As the statute states, the combination of fees granted under section 406(a) and section 406(b) can never exceed 25 percent of the past-due benefits awarded to the claimant. 42 U.S.C. § 406(b); Kopulos v. Barnhart, 318 F. Supp. 2d 657, 661 (N.D. Ill. 2004) (citing Gisbrecht,535 U.S. at 795-96). Additionally, section 406(b) and the EAJA have been harmonized; though fees may be awarded under both the EAJA and section 406(b), a claimant's attorney must refund the amount of the lesser fee to the claimant. Gisbrecht,535 U.S. at 796.

Even when a contingent-fee agreement complies with the 25 percent cap imposed by section 406(b), courts are called on to assess the reasonableness of such agreements. Gisbrecht,535 U.S. at 807 ("[Section 406(b)] calls for court review of [contingency-fee] arrangements as an independent check, to assure that they yield reasonable results in particular cases."); McGuire v. Sullivan,873 F.2d 974, 981 (7th Cir. 1989) ("[T]he court should consider the reasonableness of the contingency percentage to make sure the attorney does not receive fees which are out of proportion to the services performed, the risk of loss and the other relevant considerations."). In determining the reasonableness of a particular contingent-fee agreement, courts should consider the time and labor required; the skill required; the amount involved; the result obtained; the experience, ability, and reputation of the attorney; the contingency of the fee; and awards in similar cases. McGuire,873 F.2d at 979, 981, 983; Hodges-Williams v. Barnhart,400 F. Supp. 2d 1093, 1099 (N.D. Ill. 2005). Finally, the attorney requesting fees under section 406(b) has the burden of "show[ing] that the fee sought is reasonable for the services rendered." Gisbrecht,535 U.S. at 807.

III. Discussion

In this case, the Commissioner has no objection to Attorney Rose's requested fees. (Def.'s Resp. [37].) Similarly, Claimant was given the opportunity to file an objection, but she did not. (Pet. Att'y Fee at 1.) Therefore, this Court has the obligation to determine whether Attorney Rose's requested section 406(b) fee is reasonable. Attorney Rose's requested section 406(b) fee amounts to $7,464.55 for 30.1 hours of work spent on this case while it was before this Court. (Pet'r's Mem. at 2-3, Ex. D.)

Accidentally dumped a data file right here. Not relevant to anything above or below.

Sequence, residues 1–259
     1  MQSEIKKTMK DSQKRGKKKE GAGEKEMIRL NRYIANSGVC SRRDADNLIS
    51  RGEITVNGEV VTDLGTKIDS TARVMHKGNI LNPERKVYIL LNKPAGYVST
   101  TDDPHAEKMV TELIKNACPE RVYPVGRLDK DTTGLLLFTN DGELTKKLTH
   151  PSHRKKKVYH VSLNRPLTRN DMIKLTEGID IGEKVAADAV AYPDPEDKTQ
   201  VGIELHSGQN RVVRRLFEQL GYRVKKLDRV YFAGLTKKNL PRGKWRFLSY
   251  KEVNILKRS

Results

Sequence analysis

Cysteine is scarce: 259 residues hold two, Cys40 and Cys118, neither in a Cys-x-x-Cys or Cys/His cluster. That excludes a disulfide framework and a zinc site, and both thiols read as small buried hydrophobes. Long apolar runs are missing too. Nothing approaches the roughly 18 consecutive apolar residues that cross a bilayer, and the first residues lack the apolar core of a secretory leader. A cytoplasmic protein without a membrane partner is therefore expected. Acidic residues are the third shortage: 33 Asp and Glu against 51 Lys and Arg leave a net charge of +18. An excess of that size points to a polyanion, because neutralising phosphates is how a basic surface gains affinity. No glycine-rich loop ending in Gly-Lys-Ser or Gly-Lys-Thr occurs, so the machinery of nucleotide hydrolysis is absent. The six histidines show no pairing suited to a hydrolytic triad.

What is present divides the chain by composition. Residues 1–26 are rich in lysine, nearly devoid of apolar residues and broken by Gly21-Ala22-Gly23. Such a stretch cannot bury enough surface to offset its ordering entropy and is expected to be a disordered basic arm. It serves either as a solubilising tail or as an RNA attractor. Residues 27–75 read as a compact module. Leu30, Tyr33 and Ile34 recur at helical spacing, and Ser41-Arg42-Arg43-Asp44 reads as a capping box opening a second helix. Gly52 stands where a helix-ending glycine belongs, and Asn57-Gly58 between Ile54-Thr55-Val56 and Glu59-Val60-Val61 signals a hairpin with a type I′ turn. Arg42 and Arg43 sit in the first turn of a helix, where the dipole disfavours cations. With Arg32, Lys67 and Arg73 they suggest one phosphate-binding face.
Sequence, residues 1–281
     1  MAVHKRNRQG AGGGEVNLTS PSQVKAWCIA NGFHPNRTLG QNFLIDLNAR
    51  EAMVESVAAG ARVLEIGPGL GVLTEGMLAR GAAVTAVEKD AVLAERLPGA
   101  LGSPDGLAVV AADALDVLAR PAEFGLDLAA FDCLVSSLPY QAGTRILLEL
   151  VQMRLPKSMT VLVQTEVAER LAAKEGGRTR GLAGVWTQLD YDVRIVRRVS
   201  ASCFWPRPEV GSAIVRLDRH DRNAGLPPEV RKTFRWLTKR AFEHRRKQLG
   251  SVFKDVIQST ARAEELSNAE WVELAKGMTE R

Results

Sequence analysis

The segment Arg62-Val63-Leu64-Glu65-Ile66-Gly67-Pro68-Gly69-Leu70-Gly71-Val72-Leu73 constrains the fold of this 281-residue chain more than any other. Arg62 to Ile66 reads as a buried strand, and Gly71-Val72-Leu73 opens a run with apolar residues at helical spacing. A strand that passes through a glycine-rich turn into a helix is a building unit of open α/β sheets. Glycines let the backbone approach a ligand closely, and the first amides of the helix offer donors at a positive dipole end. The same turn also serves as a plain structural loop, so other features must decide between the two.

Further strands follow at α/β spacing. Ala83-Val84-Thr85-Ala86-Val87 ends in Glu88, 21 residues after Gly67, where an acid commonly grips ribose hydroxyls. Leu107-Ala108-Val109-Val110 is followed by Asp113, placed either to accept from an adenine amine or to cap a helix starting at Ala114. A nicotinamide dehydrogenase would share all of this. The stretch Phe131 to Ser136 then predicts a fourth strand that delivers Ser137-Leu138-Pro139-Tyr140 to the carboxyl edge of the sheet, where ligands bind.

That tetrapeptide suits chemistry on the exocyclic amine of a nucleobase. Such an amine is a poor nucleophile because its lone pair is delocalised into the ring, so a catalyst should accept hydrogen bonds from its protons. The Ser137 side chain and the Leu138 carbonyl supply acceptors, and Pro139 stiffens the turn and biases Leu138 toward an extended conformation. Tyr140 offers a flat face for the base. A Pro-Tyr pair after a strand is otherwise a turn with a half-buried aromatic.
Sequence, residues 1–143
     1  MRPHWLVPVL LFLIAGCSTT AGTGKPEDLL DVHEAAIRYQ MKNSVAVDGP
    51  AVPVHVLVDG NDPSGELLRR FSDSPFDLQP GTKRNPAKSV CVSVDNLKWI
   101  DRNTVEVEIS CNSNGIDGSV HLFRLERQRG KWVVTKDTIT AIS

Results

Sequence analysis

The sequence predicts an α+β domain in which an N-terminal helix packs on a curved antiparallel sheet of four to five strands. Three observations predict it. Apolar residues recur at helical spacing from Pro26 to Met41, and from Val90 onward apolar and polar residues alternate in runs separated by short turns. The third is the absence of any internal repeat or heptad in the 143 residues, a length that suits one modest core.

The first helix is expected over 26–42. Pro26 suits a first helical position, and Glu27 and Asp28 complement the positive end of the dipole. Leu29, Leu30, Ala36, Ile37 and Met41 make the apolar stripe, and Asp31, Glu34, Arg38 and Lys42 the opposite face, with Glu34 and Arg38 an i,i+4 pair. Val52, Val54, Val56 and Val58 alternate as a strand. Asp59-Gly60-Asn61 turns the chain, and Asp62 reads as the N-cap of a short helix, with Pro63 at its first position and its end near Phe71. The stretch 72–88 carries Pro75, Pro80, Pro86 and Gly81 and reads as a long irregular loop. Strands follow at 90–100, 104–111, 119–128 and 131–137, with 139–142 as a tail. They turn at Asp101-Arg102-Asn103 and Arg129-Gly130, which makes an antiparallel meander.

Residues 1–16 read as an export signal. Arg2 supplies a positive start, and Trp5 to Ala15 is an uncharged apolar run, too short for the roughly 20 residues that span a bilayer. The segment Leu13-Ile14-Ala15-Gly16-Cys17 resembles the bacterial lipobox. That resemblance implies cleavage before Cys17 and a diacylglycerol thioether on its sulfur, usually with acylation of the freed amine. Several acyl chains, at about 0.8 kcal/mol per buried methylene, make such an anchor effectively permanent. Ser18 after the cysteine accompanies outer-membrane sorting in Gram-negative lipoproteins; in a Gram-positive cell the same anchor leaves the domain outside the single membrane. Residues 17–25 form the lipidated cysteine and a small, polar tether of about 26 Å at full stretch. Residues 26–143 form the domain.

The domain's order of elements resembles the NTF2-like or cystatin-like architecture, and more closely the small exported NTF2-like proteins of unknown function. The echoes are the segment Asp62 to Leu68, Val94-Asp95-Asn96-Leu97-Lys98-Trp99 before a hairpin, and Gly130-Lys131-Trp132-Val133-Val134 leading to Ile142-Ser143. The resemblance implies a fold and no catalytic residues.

We find this fee to be reasonable for the following reasons: the fee is consistent with the agreement entered into by Attorney Rose and Claimant (Pet'r's Mem. at Ex. B); the fee, when added to the $5,300 already awarded by the Commissioner, complies with the 25 percent statutory cap imposed by section 406(b); Claimant has been notified of this motion and has made no objection (Pet. Att'y Fee at 1); and the Commissioner has no objection to such an award (Def.'s Resp.). Furthermore, Attorney Rose successfully won a favorable judgment from this Court in the form of remand, which resulted in an award of benefits to Claimant. (Pet'r's Mem. at 2.); [27.] In addition, as Attorney Rose states in his brief, he has considerable experience handling Social Security disability cases and has practiced in the field of Social Security disability law for twenty-two years. (Pet'r's Mem. at 3); see McGuire, 873 F.2d at 979, 981, 983 (this Court is to consider an attorney's experience, reputation, and ability in determining the reasonableness of fees).

The Court also acknowledges that Attorney Rose risked substantial loss due to the contingency nature of his representation in this case. See Hussar-Nelson v. Barnhart, No. 99-0987, 2002 U.S. Dist. LEXIS 22832, at *7 (N.D. Ill. Nov. 19, 2002) ("[T]here is a great risk of loss in social security disability appeals at the district court level because a substantial evidence standard of review governs rather than a de novo standard" and "there are no settlements"). Finally, similar fees have been upheld under section 406(b) in this jurisdiction. See Hodges-Williams, 400 F. Supp. 2d at 1100 (awarding attorney $9,275 for 26.5 hours of work before the court). For the foregoing reasons, we find $7,464.55 to be a reasonable fee for Attorney Rose's 30.1 hours of work before this Court.

IV. Conclusion

As Attorney Rose is aware, if he were awarded $7,464.55 for his time before this Court, he would have to reimburse Claimant the lesser $4,136.79 EAJA award. Given the EAJA offset, the amount payable out of Claimant's past-due benefits under section 406(b) is $3,327.76. Therefore, we grant Attorney Rose's motion for attorney's fees under section 406(b) in the amount of $7,464.55 less his prior EAJA award of $4,136.79, for a total award of $3,327.76. We also order that the remaining $4,136.79 of past-due benefits be released to Claimant.

MICHAEL T. MASON United States Magistrate Judge